Wolfgang Amadeus Phoenix by Phoenix


I wouldn’t be reviewing the same bands if you all would do your part and recommend me music, so really this is your fault. Phoenix is well established in the Indie Pop/Rock scene selling out arenas across the globe. They got their starts in the suburbs of Paris as school friends, vocalist and instrumentalist Thomas Mars, Bassist Deck D’arcy, and Guitarist Chris Marzzalai, joined Members of Darlin’, a former project of the duo famous for Daft Punk. More about Phoenix and their early years can be found in my review of their album, Ti Amo. Three Albums would come before we got the work Phoenix is still most famous for. For now, the band was mostly getting radio play in England and France, seen as ‘overseas darlings’ on American radios.

In 2009, following a compilation album the group did for French label, Kitsune, Wolfgang Amadeus Phoenix was released to the world in March. Its lead single, “1901”, was a tribute to a time of cultural growth in Paris, yet also was tangled in a love story as most Parisian things go. While telling the history of a period, this song also captures the soul of a city. One split between traditionalist values and new age ideas while they teetered on the edge of a new century of industrial growth. But that’s not what made it famous. People loved the old school disco/dance hall beat and fast paced, not very sing along friendly lyrics sung by Mars and his French accent. The result was a commercially successful song that would go on to be heard everywhere, almost defining those years in alt/indie rock. In the movie Boyhood, they use this song as a way of letting the listener know this scene is taking place in 2010-2011. This would go on to bring the band on such a long list of American late-night talk shows I would get tired just typing it out. By all signs, Phoenix had made it. From this point on, the group could go anywhere on Earth and sell out any venue they wanted. This song was so game-changing for the band I haven’t even gotten to the rest of the album. Also released as singles off the album, “Lisztomania” and “Lasso” are also very lovely songs, but something about a ballad really fits with vinyl as a format. Something about the listening style goes well with longer songs such as Car Seat Headrest’s “Ballad of the Costa Concordia” and “Beach Life-In-Death”. The era of this album was one that still pushed short songs, so we get “Love Like a Sunset (part 1)” and “Love Like a Sunset (part 2)” right next to each other. Listening to both back to back makes it my favorite song on this album. If they had gone the extra step and put the two together, I would put it up there with some ballads by those previously mentioned.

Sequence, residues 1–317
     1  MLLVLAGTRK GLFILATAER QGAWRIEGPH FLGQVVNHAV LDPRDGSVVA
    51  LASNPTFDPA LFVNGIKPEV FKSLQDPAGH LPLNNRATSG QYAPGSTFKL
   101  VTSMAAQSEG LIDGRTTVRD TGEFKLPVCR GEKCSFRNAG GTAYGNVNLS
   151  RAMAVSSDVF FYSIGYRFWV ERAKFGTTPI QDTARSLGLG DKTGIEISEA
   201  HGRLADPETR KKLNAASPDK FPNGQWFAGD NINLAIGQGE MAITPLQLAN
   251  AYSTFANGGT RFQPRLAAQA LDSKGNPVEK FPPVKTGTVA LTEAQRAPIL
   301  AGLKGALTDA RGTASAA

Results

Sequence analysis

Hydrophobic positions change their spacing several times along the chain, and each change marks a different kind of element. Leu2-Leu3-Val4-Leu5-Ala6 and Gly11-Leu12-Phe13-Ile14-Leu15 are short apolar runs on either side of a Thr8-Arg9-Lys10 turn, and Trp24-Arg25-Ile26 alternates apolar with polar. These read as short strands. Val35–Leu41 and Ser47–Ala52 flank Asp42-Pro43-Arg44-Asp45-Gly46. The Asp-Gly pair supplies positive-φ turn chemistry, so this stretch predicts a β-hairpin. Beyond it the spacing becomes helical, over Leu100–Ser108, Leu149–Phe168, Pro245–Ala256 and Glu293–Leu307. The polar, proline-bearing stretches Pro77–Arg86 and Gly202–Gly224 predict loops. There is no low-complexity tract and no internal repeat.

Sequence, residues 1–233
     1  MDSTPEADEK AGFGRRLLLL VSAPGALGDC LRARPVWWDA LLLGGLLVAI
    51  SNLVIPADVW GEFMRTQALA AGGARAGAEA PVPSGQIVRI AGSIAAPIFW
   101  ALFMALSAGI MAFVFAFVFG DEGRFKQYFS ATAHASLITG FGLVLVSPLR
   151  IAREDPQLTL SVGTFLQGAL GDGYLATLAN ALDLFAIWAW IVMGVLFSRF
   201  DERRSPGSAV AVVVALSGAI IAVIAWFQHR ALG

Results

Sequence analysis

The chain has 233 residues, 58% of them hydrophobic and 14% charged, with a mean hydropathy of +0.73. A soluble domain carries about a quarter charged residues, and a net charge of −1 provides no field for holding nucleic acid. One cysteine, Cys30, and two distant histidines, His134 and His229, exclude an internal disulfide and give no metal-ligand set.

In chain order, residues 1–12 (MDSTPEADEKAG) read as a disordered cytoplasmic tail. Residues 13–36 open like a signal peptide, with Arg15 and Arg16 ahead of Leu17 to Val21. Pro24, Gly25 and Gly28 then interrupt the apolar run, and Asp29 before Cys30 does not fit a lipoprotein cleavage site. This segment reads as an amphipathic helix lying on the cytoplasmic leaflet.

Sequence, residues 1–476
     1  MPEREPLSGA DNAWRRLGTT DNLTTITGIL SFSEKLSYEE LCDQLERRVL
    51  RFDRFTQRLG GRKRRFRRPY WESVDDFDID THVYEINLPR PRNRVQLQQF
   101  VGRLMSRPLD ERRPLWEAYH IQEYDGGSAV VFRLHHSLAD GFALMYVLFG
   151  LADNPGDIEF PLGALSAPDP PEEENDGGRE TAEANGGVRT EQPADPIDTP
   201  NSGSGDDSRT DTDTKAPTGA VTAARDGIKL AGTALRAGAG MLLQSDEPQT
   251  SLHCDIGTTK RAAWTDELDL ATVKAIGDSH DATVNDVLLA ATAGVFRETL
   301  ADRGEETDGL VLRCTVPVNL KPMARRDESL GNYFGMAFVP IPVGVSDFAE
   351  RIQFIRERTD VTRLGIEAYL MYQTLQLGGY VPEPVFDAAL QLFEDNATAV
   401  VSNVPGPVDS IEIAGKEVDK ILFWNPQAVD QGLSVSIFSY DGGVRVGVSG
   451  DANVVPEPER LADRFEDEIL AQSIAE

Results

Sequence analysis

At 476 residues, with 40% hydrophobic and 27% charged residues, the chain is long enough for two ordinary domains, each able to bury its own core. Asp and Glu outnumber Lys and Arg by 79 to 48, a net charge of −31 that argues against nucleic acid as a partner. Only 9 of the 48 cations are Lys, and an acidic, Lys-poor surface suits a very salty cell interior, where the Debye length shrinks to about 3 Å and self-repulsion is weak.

There’s not much to really say to the vinyl itself. It’s high quality yet comes in a stock paper inner sleeve. The jacket isn’t much to write home about, but I love the simplistic design of the whole thing. It actually fits some of the style of Parisian artists on the cusp of the modern art era.  In all, I keep it as part of my collection for the music, not the vinyl.

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